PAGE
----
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by Ebrahim Hussein


About the Play

Kinjeketile is a play written by Ebrahim Hussein, a Tanzanian author. He first wrote the play in Swahili, and it was also first performed in Swahili. You will read an English translation of the play that was done by the author.

The play tells the story of the Maji-Maji rebellion in 1904-05 that was led by Kinjeketile Ngwale in what was at the time called Southern Tanganyika.

The play, Kinjeketile (1969), written in Swahili is considered "a landmark of Tanzanian theater." The play soon became one of the standard subjects for Kiswahili exams in Tanzania and Kenya. By 1981, it had already been reprinted six times.


Ebrahim Hussein

 We have TWO ANALYSIS about the Play

Analysis 1 and Analysis 2




The Plot

The play deals with the ‘Maji Maji’ revolt of the late 19th and early twenty centuries in the then Tanzania. The ‘Maji Maji’ revolt in the play text explores the German colonial suppression and exploitation of the people of Tanzania and the result of the people’s revolts against their oppressors. The play exposes the deplorable state of affairs in Tanzania, Rufiji region as meted on the people by their colonial masters. The play clearly tells the audience about the state of desperation, exploitation despair and famine which the colonialists had brought as a result.


The situation brings to the mind of Africans hatred and deep feelings of indignation against the Germans. As these inhumane conditions are carried out against Africans, Africans too have their common problems which are the lack of unity and solidarity among themselves. This attempt to uniting in one accord is hampered by the constant bickering, jealousies, an accusation of cowardice and womanliness among themselves.


As the issue of disunity raises among the people, Kinjeketile, a spiritual intellectual comes to brighten the hopes and expectations of the people. Kinjeketile is as poor as other Africans, what set him apart are his solitude and mysticism. After dwelling in the pool of Rufiji River for a long period of reflection, Kinjeketile is occupied by the spirit- Hongo who lives in the pool. In his dependency, he declares that “with the Maji, we will unite and we will be one body… when we are one body, when we are united, we will be free. The red earth will be destroyed; he will be kicked out of our country. Hear me, this is the water given to us. This is the water of life. And this is the whisk of power. He who partakes of this water, no harm will befall him.”


Water (Maji) is used here symbolically as a necessity for the need of unity among the tribes of the region as well as a means for assuming people of safety against German bullets. This arouses the people to unite with the burning enthusiasm, emotions and enthusiasm and await the final word from Kinjeketile to commence the war of liberation. But Kinjeketile also prophesies that if they conquer the Germans, they will become the children of Seyyid Said, the Sultan of Zanzibar. This means that after the freedom of the people from the colonial rule of the Germans, they will become the children of Seyyid Said, meaning the replacement of obvious colonialism by domestic colonialism. This is disturbing, confusing as well as contradicting. This baffles Kinjeketile that he finds it difficult to give the people the ‘word’ to start the war of emancipation against the Germans. In an outraged sense of betrayal and treachery from the power that possessed him, Kinjeketile declines his message and insists that people must fight with reason. The attack turns out to be a national suicide for the people as the Germans repel the attack with terrible losses.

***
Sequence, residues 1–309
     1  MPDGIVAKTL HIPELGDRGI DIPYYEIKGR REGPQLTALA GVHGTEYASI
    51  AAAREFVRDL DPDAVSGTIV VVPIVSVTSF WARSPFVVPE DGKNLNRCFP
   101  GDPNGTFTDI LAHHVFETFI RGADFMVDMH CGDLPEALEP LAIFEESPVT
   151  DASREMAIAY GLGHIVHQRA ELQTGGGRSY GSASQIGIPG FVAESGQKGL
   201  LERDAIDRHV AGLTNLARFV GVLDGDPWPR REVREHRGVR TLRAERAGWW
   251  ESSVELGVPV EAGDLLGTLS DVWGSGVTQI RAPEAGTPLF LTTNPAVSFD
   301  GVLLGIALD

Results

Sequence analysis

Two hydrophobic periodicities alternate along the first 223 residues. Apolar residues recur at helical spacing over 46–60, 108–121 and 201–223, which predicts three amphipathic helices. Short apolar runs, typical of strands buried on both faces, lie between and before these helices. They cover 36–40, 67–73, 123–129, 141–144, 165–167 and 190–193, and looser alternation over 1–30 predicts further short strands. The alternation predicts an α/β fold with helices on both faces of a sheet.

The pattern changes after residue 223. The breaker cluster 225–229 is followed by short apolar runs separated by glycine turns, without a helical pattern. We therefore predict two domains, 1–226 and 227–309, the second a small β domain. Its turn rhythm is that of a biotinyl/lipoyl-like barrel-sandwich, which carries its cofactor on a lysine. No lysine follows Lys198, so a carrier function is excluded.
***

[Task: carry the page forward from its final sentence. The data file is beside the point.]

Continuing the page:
Kinjeketile is captured and tortured by the German soldiers to force him to renounce the power of the water even though he, himself doubts the authenticity of the water (Maji) prophecy. He used the Maji to unite the divided people and instill a spirit of resistance in them. But having done that, he then secularizes the myth by grounding it on the bedrock of practical military realities. It then remained for him to articulate albeit in the tragic recognition. The inevitable transcendence of the myth as an irreversible process of struggle and history.


Kinjeketile has therefore become a tragic hero who is driven and tied to the fate that is guided by powers larger than he can bear. All the same, he chooses not to lose faith and hope in the millennial signal he has given his people despite the paradoxical nature of his Maji prophecy. This has been neatly captured in a dramatic form by Ebrahim Hussein. KINJEKETILE therefore is a legend that deals with the historical struggle of the Tanzanian people of East Africa for their independence from the German.




This historical event has been used by the playwright to address issues of tribalism, poverty, neo colonialism, and misuse of religion, exploitation, superstition and the stereotyped role of the woman in the African societies. These forces have continued to eat into the nerves of the socio-economic and political institutions. To the Wamatumbi, ‘Maji’ is a symbol of unity and infallibility. To the larger society ‘Maji’ would symbolize a redemptive force to dechain us from the bondage of servitude brought about by the aforementioned forces.